The East Java city and last resting place of Soekarno was also home to Nyoman during his formative years. Although he says his affinity for art encountered few obstacles at school it hit a hurdle that’s tripped many other creative kids from conservative families.
As the son of a policeman who believed only a public service career could provide security, young Nyoman didn’t glide into his chosen career.
The situation might have been different if the family maid hadn’t taken her charge to a concert of classical dancing. He was just four and remembers it clearly. The door to the magic had been unlocked.
Later after Nyoman had visited Holland and seen modern dance he declared: “This is the real me.” His father relented and the gifted lad skipped out of a future of khaki-clad boredom and onto the stage.
Much of Blitar Rose’s international work comes through Kemenparekraf (the Ministry of Tourism and Creative Energy) to promote Indonesian culture abroad. It’s currently touring four works featuring five women and two men, including Nyoman.
The dances originated in West Java, Bali, Aceh and Sumatra and include the mesmerising Tari Piring (plate dance) where the swirling artists perform with large pieces of crockery ready to spin away and shatter should concentration lapse.
Nyoman has adapted the dances, shortened them to suit modern audiences and fit the locations where Blitar Rose performs. These are often diplomatic and trade events where culture is a warm up, not the principal purpose. Cavernous convention centers aren’t ideal venues.
Getting and holding the attention of an unfocussed audience is a tough gig. Nervous presenters shuffle notes; distracted delegates adjust nametags hoping they’ll be spotted by VIPs.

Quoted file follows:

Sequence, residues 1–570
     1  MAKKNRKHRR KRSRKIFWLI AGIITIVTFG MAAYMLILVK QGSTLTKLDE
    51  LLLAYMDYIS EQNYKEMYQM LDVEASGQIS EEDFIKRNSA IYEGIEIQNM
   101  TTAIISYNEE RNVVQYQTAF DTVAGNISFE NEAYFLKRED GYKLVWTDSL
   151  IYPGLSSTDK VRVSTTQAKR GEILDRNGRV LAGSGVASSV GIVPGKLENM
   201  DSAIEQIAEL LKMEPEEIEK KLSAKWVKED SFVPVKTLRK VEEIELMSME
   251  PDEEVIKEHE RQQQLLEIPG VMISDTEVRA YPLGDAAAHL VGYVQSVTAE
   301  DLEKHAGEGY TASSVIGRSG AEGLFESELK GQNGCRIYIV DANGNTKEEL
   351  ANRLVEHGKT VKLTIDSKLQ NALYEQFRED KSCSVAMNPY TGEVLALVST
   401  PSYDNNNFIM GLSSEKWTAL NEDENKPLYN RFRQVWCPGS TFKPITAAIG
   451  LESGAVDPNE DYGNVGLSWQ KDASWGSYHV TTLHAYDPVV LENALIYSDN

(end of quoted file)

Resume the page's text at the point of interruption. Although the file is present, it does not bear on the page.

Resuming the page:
So Nyoman’s technique is to present short, dynamic, high-energy dances that shout ‘stop and watch’. That’s because they’re clearly professional and refreshingly different from the shuffle-and-twist TV routines.
When the dances end the audience is left wanting more, not thankful they’ve done culture and can now do commerce.
“I watch modern and traditional dance from elsewhere and I like some of Michael Jackson’s movements, but I don’t borrow from other choreographers,” Nyoman said. “Everything is from my head. I design the costumes and steps, combining the traditional and modern.
“I select dancers from the 60 students at my Jakarta academy. I choose them for their attitude and ability to bring out their inner beauty. Their skills must be professional. I prefer dancers who are tall and slim. I use my instinct and I’m usually 99 per cent right.”
Nyoman laughed a little at the suggestion he’s an ambassador of Indonesian culture.
“I prefer to take a low profile,” he said. “We are here to entertain. It’s difficult to change people’s perceptions about Indonesia but we try through art.
“I love my country and our culture and showing it around the world. I don’t want it discarded by the younger generation.”
(First published in The Jakarta Post 5 November 2012)